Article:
I wish the title of this post was the question asked of graduating seniors. Who do you plan on becoming? While an acceptable answer is Chuck Norris, its not entirely what I am trying to get at
This question is less about meeting your potential and more about coming to terms with who you were created to be, a cherished child of God.
As sweet and heart-warming as that sentiment may be, though, I wonder if we all know what exactly that entails? When I was in undergrad, the world seemed like a bad place, but my campus was seemingly safe. I am sad to admit that I resided in a bubble of sorts, well most of my friends did too.
Maybe you were a commuter or maybe you did everything in your power spend time off campus and involve yourself with the community at large. Either way, after graduating your peer group experiences a mass exodus. Some stay nearby, some move back to their homes and still some move out of state or to other countries. Your community tends to have a few drastic changes after college and if the people in the community does not change, limits of time and energy will surely be a new reality.
For me after graduation, it was shocking how quickly relationships went from being the easiest thing for me to manage to the hardest to cultivate in a matter of months.
Maintaining friendships became hard and making new friendships in new cities felt near impossible at first, for me. I remember being in a bit of a tizzy for a while. I didn’t understand how being Christian (a supremely relational existence) and being lonely could be reconciled. I knew it was part of following Christ to be in community, but between work and cooking for myself I didn’t know how to maintain healthy relationships all that well. And relationships were only one part of becoming an adult! How could I ever do the other parts?
Our culture and this world has put a lot of emphasis on being adults. And we seem to function in a society that teaches us how to learn and go to school well, but not always how to live well. And becoming an adult sometimes feels like this, also this is one of my favorite videos ever so I have no choice but to include it:
What I would like to argue is that who you become has little to do with what you actually do. Titles come and go. As I mentioned in my last post you might decide in your fifties to go for a Master’s degree in theology, who really knows. But who you are really doesn’t change. Maybe what you are passionate about changes, but who you are at your essence as a child of God does not alter. And if you are leaning into that identity you will desire to grow into that adopted child more and more. So what does it look like to lean into an identity formed by God? In a child you can often see the best parts of their parents, its not so different with God as your parent. Here are three aspects of who God is that can inform you of the type of adult you plan on becoming. God is:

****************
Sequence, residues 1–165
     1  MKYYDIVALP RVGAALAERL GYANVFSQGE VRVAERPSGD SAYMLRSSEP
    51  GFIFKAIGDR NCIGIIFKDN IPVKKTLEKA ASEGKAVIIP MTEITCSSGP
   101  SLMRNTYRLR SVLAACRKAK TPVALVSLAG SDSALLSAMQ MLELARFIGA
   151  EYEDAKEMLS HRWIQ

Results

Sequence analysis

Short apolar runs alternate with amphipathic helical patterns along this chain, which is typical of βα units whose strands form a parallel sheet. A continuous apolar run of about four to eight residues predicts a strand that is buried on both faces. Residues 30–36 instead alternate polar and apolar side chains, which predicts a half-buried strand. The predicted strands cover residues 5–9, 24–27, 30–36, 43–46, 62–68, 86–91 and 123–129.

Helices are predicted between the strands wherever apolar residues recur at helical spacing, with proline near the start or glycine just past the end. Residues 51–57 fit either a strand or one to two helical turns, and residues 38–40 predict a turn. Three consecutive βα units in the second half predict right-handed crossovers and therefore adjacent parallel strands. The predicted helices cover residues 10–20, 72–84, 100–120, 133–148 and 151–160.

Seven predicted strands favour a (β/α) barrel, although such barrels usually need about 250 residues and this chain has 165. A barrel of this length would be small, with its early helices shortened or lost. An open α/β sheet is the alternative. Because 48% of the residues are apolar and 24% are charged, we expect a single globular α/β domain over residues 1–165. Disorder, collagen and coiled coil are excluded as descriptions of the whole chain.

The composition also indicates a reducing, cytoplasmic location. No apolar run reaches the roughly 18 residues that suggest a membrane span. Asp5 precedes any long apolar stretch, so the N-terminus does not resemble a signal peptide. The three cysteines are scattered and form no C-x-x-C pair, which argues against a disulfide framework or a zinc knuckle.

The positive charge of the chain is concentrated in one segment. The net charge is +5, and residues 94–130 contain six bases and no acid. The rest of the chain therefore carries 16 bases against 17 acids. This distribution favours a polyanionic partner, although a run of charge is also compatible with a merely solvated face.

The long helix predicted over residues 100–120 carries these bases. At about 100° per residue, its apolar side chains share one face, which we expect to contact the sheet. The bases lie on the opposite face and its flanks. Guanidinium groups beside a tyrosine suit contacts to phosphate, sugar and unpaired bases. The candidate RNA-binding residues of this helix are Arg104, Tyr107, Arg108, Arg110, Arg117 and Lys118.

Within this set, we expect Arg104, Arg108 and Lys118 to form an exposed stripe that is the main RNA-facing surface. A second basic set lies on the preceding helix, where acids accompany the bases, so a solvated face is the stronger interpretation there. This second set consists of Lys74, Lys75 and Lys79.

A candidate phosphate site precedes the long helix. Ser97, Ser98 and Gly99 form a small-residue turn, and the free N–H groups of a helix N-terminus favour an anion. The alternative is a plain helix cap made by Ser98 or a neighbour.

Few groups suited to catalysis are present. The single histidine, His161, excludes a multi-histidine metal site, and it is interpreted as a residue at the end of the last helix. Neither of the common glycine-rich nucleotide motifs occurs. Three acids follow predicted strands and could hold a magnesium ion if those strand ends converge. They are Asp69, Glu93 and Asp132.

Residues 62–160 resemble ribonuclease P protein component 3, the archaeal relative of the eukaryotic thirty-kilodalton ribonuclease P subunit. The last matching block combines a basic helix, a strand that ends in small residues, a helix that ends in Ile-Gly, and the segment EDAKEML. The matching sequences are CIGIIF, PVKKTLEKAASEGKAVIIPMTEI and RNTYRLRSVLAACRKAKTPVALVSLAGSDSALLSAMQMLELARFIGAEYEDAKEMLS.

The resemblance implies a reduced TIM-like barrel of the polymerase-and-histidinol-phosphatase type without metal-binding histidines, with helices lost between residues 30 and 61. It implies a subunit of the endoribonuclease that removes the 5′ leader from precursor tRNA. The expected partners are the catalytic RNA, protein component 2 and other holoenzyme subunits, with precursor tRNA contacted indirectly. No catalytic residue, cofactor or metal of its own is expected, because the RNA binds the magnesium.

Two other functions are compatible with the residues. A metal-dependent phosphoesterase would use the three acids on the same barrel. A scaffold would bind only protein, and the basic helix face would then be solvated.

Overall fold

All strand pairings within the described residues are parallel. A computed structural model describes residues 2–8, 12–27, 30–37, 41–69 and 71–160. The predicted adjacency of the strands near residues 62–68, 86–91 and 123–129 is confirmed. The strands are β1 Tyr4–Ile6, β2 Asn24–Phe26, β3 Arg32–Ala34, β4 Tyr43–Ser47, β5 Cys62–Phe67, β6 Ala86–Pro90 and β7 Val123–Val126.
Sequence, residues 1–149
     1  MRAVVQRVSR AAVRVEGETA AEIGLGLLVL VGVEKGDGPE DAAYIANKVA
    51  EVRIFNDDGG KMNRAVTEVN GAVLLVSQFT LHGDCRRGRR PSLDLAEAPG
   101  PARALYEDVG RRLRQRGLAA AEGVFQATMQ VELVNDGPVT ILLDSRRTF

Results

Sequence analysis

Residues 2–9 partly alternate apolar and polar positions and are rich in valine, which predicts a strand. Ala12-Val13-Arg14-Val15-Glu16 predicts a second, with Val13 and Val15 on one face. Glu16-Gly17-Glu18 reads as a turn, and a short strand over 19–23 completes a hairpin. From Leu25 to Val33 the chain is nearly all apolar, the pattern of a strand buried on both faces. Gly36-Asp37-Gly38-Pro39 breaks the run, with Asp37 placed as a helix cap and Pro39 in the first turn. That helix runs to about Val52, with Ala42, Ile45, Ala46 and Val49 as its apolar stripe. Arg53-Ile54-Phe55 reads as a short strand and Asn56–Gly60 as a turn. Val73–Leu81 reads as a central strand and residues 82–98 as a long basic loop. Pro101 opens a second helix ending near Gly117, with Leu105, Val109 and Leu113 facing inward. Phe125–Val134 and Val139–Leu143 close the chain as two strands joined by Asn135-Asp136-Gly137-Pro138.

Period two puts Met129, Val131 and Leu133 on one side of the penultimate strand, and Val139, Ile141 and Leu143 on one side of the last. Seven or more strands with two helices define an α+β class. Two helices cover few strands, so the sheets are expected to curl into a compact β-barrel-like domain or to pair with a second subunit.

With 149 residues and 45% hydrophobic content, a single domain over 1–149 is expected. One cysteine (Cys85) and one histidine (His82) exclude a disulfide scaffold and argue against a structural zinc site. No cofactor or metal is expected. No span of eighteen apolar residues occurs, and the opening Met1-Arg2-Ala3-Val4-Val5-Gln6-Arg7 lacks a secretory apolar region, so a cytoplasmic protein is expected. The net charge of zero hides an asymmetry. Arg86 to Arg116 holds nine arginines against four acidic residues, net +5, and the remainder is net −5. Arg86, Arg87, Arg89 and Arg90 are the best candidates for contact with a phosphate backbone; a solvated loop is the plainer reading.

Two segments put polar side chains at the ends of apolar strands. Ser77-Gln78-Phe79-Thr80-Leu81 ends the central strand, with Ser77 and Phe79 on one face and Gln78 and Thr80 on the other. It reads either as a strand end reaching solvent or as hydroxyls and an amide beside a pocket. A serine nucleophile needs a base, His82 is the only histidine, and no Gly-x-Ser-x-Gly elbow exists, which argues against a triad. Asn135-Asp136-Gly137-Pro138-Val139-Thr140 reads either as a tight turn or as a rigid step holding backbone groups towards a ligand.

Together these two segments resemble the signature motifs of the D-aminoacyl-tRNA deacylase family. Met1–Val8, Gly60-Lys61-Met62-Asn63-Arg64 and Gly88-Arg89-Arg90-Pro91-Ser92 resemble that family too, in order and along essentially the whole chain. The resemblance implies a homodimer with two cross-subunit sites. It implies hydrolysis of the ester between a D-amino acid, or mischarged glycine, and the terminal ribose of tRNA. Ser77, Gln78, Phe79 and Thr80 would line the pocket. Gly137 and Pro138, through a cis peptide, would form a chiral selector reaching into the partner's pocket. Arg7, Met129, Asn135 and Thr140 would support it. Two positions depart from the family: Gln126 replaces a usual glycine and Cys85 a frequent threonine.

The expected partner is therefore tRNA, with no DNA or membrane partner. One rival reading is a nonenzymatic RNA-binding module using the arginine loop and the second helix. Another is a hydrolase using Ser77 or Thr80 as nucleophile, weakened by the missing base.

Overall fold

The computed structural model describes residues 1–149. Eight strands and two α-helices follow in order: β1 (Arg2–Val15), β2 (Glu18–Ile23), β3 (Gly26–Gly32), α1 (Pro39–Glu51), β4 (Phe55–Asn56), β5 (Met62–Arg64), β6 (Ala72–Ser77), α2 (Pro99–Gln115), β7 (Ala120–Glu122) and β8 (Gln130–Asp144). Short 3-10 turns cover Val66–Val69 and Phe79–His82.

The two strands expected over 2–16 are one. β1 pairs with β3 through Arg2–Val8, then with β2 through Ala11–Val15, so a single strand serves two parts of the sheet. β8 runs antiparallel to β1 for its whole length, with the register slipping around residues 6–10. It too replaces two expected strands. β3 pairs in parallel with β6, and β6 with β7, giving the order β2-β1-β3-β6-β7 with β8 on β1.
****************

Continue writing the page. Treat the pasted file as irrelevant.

God is three persons in one. The Godhead, Holy Spirit and Christ. In nature God is relational and God asks His children to take part in the same. While I mentioned above about how hard community gets after college, that doesn’t mean it gets worse, sometimes you just have to work harder for it. Be the type of friend you desire to be in relationship with. It took me a bit to realize that I didn’t have to wait for friends to be vulnerable or deep with me, I realized that no matter how scary I can be the one to initiate a trusting and intimate relationship. Check this article for more on the subject.
God is just. Justice is on God’s heart always. So as a full-fledged adult out of college now, you are fully participating in society and culture (I know its silly because you totally were participating in culture before you graduated). Now is the time to think about what breaks your heart and better yet what breaks God’s heart. Is it Human Trafficking? Disabilities? Prisoners? Racism? The list sadly goes on and on and hopefully more than one of these topics do break your heart. Now out of college, how will you participate (if you aren’t already) in healing the wounds from the sin in this world? God does not settle for a status quo of pain, will you speak for the voiceless (Proverbs 31:8-10)?
PATIENT & FORGIVING
I put these two together because I personally believe they are inseparable. I think true forgiveness is not rushed, but is patient. Think briefly on the patience and forgiveness that God extends to us. I wonder if God’s forgiveness would dry up without patience for us to be redeemed, to draw nearer to Our Creator. The human existence is a marathon, not a sprint and God is in for the long haul as we must aspire to be for the world around us.
If you were to ask me the question, who do I want to become? I would say a man after God’s own heart in every way. A man with the conviction to look evil in its eyes and say, “not in God’s Kingdom!”
Some practical suggestions on how to become a person after God’s heart:
- Don’t spend too much time church shopping. Choose one, settle down and begin seeing the brokenness just within those walls. One of the best places to practice patience and forgiveness is within the walls of a church. And allow others to be patient and forgive you.
- Try new things. I know, I know you have heard this before, but I have seen my heart ignited in ways I counted imagine because I tried something uncomfortable since I graduated college. I thought I had it all planned out, thats a story for another time though.
- Find “adultier” adults that you admire. Those you believe are leaning into their identity designed by a loving God. Learn from them and also, teach those younger than you.
P.S. Check out this awesome resource on life after college from InterVasity.